Cleft palate and deafness

Cleft palate or cleft lip and palate can affect many different functions, including speech and hearing. This webpage for parents explains what cleft lip and cleft palate is, the type of deafness commonly associated with cleft palate, and how the deafness can be managed.

What is cleft lip and palate?

Cleft lip is a term used to describe a notch, opening or separation in the upper lip. Cleft palate describes an opening or separation in the roof of the mouth, which is either easily seen, or is covered by the lining of the roof of the mouth (submucous cleft palate).

Boy with a cleft palate

Cleft lip and palate are common and affect about one baby in every 700 births. The degree to which children are affected and the extent of the clefts and their impact on the child varies.

Cleft lip and palate can each occur alone or together. Of the babies born with cleft lip and/or palate, around:

  • 50% have a cleft palate
  • 25% have a cleft lip
  • 25% have both a cleft lip and palate.
A cleft lip, with or without a cleft palate, is more common in boys. Cleft palates on their own are more common in girls. Cleft lip and palate, and cleft palate alone may be more common in babies with close relatives who also have it.

Children who were born with a cleft lip alone are not normally at a greater risk of long-term deafness than the general population. However, children with cleft palate or cleft lip and palate are likely to have longer-term difficulties with their hearing. 

Scott and Siobhan tell us about their son Bayley's cleft palate and glue ear

This video includes information from Dr Raouf Chorbachi, Audiovestibular physician, about cleft palate and hearing loss and the services that are available.

What is the cause of cleft lip and/or palate?

We all start out life with a cleft lip and palate. During early pregnancy these clefts normally fuse together. The exact reasons for isolated cleft lip and/or palate are unclear, although it is usually a random, one-off event. 


My child has a cleft lip and/or palate – what happens now?

Sometimes cleft lip and/or palate are diagnosed during routine antenatal scans. Sometimes they are not known about until birth. When the cleft lip and/or palate are diagnosed you will be referred to a specialist regional cleft lip and palate service. A team of professionals will be involved in the care and treatment of your child. This team may include:

  • a specialist cleft nurse
  • an audiovestibular (hearing and balance) physician
  • an ear, nose and throat (ENT) surgeon
  • a maxillofacial (head, neck, face, jaws) surgeon
  • a plastic surgeon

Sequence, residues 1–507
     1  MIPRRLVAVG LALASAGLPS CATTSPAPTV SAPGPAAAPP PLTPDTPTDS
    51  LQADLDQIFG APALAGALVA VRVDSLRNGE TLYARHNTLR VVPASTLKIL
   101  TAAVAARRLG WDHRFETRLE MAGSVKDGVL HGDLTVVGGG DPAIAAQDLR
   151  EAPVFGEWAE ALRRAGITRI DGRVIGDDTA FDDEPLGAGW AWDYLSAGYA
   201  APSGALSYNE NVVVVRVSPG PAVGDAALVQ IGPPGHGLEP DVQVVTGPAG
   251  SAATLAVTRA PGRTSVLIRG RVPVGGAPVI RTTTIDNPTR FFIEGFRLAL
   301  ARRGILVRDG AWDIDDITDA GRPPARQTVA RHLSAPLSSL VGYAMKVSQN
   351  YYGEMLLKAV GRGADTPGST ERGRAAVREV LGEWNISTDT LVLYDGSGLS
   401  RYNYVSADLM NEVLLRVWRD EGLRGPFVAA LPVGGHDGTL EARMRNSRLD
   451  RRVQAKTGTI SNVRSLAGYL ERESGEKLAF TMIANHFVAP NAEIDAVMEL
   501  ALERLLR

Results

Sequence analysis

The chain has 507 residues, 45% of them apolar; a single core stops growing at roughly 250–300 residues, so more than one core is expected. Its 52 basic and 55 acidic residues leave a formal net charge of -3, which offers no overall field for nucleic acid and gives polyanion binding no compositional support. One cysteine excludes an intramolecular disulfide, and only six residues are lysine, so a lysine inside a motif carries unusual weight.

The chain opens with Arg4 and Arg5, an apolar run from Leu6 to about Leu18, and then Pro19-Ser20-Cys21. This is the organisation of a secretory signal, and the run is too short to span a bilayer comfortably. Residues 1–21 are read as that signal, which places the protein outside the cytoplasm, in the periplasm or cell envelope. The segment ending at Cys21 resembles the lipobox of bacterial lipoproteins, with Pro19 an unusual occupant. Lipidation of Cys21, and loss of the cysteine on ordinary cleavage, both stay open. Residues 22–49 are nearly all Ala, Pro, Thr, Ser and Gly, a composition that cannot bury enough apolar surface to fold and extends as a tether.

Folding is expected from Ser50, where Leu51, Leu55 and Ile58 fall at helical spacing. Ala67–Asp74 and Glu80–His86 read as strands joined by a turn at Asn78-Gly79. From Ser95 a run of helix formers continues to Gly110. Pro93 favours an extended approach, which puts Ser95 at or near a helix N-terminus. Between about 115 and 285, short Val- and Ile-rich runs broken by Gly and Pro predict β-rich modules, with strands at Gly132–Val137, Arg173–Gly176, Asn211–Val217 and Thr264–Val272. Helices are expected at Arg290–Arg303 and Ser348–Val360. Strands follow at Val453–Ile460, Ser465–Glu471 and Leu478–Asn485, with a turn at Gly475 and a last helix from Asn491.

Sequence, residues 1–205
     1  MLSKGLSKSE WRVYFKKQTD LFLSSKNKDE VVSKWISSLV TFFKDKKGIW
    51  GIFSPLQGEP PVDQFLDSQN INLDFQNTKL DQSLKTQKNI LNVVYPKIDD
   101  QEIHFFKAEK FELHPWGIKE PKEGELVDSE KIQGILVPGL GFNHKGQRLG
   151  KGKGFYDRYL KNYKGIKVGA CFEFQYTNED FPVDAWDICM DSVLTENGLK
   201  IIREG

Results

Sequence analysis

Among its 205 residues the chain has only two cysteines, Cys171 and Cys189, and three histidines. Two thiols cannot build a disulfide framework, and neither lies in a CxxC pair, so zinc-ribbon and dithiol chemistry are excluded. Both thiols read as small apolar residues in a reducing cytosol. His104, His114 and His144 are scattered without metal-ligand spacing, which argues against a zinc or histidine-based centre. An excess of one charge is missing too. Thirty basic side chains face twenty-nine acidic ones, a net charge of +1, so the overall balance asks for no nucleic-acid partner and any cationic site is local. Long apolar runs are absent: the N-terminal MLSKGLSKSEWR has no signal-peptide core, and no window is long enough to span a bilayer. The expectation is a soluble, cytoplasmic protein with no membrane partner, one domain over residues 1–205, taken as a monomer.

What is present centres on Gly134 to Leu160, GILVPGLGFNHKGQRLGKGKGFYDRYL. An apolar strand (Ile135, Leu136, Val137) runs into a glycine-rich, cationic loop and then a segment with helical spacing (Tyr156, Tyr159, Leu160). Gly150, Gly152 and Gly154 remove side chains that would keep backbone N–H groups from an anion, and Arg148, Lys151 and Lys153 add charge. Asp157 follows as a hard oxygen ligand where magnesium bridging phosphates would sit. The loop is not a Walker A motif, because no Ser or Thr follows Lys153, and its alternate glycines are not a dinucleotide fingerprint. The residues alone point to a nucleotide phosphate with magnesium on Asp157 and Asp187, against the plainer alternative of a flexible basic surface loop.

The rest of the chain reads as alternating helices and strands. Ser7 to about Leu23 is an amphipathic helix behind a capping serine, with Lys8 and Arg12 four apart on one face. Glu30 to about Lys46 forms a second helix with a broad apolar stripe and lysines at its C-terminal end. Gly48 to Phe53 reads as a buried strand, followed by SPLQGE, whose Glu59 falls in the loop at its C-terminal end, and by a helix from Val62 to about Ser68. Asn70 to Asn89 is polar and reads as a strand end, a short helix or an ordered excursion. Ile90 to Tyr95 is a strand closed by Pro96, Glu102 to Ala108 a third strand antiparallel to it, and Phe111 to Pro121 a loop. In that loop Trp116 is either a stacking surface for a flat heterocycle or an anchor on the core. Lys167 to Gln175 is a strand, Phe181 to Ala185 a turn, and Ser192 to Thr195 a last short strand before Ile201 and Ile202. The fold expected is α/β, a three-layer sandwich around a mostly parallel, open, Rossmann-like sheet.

• a speech and language therapist
  • an orthodontist
  • an audiologist
  • a psychologist
  • a paediatrician.

The team will also have access to a geneticist and other professionals who may need to be involved in the overall care of your child. The team will discuss with you the appointments, tests, assessments and operations your child will need and together you will develop a care plan.

Hearing tests

As part of your child’s care plan it is important that they have their hearing assessed. This may be done at the regional centre or they may refer you to your local ear, nose and throat (ENT) and audiology service. This will normally be done routinely shortly after birth. Your audiology team will regularly assess your child’s hearing. This should be at least once a year during the first three years, and again around the time your child starts school, and at ages five and 10 years.

For more information on hearing tests see our resource Understanding your Child's Hearing Tests.


Types of deafness and cleft palate

  • Glue ear is the most common type of deafness in children with cleft palate. It's a type of conductive deafness – when sound cannot pass efficiently through the outer and middle ear to the inner ear (cochlea and auditory nerve). Glue ear is a build-up of sticky fluid in the middle ear. It may not cause any problems in hearing or it may cause a mild to moderate deafness (20–60 dB) in the affected ear. For most children without a cleft palate, glue ear is a temporary condition that they grow out of by around eight years old as their Eustachian tube and other cavities grow larger. However, in children with a cleft palate there are likely to be additional structural abnormalities of the Eustachian tube and the muscles may not work as well. Almost all children with a cleft palate will get glue ear before the age of one and it may persist much longer than for other children. For this reason children should be monitored closely.

  • Sensorineural deafness is unusual in children with a cleft palate. This type of deafness may indicate an associated syndrome or, rarely, a co-existing condition (two or more unrelated conditions happening together).

  • Mixed deafness is when children who have conductive deafness, such as glue ear, also have sensorineural deafness.

Your ear, nose and throat (ENT) and audiology services should provide you with information about options including surgery (grommets), medicines and hearing aids.


Grommets and cleft palate